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I've noticed sometimes if you call dir() on a package/module, you'll see other modules in the namespace that were imported as part of the implementation and aren't meant for you to use. For instance, if I install the fish package from PyPI and import it, I see fish.sys, which just refers to the built-in sys module.

My question is whether that's sane and what to do about it if it's not.

I don't think the __all__ variable is too relevant, since that only affects the behavior of from X import *. The options I see are:

  • structure your packages better, and at least push the namespace clutter down into submodules
  • use import X as _X in your package to distinguish implementation details from your package API
  • import things from inside your functions (blegh)
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I don't get it. If it's not meant for you to use, don't. –  SilentGhost Oct 6 '10 at 13:54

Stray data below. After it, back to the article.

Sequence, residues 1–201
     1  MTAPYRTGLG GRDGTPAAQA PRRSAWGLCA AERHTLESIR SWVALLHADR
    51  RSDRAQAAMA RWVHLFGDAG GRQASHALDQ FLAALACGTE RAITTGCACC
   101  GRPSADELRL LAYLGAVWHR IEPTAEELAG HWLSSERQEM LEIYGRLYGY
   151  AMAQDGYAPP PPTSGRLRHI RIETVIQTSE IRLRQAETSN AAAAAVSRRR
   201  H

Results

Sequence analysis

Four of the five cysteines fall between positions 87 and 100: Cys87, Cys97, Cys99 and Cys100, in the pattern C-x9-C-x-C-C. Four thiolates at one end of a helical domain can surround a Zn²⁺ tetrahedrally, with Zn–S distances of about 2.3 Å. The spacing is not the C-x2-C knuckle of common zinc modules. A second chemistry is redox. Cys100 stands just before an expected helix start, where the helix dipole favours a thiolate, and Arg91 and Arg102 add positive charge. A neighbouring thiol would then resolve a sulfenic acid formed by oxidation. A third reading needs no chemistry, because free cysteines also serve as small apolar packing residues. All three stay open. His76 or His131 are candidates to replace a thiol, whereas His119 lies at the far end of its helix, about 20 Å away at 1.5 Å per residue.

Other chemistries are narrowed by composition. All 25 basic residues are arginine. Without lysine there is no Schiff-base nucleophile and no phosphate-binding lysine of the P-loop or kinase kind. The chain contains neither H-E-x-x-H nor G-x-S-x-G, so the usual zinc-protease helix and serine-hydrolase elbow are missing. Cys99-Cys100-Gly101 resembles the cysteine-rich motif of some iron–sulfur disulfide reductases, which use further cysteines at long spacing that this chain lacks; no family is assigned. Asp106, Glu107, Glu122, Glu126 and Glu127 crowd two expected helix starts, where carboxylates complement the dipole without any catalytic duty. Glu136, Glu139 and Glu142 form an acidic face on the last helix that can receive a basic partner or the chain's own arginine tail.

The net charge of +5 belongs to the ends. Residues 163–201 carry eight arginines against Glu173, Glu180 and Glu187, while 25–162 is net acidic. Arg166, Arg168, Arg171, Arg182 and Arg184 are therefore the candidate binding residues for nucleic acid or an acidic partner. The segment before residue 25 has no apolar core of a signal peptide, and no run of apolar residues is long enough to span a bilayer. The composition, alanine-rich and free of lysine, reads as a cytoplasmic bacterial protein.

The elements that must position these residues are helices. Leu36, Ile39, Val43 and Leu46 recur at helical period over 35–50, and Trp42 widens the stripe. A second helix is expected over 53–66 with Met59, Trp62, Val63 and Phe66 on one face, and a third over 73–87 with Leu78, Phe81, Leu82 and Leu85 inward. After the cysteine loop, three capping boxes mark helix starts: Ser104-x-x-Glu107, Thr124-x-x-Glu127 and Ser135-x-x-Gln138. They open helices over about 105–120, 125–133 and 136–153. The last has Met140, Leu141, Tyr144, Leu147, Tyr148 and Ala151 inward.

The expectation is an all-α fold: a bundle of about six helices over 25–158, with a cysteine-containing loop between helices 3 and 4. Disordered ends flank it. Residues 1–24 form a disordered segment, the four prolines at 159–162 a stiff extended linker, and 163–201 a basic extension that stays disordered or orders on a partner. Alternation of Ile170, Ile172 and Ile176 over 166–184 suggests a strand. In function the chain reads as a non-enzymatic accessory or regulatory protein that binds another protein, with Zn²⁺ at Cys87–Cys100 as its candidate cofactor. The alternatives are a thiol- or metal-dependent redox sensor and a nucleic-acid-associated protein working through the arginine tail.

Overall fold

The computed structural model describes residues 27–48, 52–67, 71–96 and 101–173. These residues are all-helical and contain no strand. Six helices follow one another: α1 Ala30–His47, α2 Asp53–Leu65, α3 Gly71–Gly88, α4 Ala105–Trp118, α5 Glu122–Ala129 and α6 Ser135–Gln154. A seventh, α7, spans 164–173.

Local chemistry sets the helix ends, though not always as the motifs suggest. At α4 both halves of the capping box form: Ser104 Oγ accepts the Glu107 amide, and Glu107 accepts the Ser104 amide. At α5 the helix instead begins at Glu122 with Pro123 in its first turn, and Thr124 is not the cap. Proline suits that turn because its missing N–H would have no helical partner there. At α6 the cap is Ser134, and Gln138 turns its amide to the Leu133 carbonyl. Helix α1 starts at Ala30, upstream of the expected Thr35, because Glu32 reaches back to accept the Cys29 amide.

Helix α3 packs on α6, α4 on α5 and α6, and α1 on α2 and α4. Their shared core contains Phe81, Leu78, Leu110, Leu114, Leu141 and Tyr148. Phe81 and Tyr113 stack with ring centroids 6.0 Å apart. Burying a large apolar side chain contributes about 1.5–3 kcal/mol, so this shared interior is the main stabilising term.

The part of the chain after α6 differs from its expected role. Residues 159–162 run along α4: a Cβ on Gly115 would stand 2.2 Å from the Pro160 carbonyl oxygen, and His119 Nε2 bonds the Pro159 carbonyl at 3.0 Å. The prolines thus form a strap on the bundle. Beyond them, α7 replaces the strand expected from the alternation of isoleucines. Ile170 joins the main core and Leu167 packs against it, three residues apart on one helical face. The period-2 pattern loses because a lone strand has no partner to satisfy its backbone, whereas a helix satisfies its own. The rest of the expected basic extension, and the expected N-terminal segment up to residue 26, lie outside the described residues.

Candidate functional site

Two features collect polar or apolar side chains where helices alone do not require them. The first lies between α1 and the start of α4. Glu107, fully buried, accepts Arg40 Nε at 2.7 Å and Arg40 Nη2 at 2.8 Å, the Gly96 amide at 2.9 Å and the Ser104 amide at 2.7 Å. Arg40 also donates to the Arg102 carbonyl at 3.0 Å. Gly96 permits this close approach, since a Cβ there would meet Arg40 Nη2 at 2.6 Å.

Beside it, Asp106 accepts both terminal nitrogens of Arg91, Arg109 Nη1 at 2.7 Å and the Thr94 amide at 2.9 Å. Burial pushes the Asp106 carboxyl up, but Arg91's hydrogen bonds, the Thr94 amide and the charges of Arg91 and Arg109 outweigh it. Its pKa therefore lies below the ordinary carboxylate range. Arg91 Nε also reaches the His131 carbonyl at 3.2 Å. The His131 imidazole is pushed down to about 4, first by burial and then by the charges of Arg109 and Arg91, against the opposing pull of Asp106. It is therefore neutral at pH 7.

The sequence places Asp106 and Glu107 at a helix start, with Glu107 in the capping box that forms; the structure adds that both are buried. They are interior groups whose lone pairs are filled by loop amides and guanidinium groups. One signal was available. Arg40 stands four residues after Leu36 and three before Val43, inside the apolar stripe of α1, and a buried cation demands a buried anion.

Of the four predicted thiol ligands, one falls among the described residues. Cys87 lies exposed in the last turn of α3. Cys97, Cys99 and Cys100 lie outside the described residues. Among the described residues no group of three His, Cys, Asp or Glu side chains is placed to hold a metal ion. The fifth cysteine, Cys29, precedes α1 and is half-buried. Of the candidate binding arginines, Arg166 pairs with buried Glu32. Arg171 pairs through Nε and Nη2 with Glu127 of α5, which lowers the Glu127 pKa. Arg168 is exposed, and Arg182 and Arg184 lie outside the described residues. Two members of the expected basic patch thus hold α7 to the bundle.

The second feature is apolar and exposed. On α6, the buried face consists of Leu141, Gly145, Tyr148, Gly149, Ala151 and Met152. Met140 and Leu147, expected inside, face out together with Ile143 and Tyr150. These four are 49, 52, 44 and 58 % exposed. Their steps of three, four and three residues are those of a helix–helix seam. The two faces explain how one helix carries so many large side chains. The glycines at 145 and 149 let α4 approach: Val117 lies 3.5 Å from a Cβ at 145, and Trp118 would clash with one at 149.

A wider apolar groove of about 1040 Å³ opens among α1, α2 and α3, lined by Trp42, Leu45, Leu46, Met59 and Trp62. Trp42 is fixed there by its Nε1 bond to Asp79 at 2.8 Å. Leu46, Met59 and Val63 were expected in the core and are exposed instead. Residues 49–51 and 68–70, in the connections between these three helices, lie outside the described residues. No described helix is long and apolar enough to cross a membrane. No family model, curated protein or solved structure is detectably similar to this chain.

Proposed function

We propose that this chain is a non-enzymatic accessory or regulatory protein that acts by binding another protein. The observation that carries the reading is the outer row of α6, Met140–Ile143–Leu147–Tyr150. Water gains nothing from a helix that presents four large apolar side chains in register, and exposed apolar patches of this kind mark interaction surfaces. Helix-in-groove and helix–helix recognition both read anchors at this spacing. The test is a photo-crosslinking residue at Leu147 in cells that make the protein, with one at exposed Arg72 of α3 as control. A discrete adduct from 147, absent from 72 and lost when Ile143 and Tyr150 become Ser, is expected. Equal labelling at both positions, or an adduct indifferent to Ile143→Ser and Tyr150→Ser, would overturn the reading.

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My question is whether that's sane

It's sane. Doing import fish adds just one name to your namespace, that is not "namespace clutter". It's pretty much the big idea behind modules, grouping many things under one name!

When you want to know what a module does, look at the documentation or call help, don't do dir.

All names in Python are stored in dictonaries. This means that no matter how many names you see, looking up one of them takes constant time. So there is no speed drawback of any kind either.

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I do look at documentation and help when available, but dir is convenient if, e.g., I keep forgetting some long function name. –  Mu Mind Oct 7 '10 at 14:57
    
And yeah, I wasn't really concerned about speed or anything, just tidy package organization. –  Mu Mind Oct 7 '10 at 14:58

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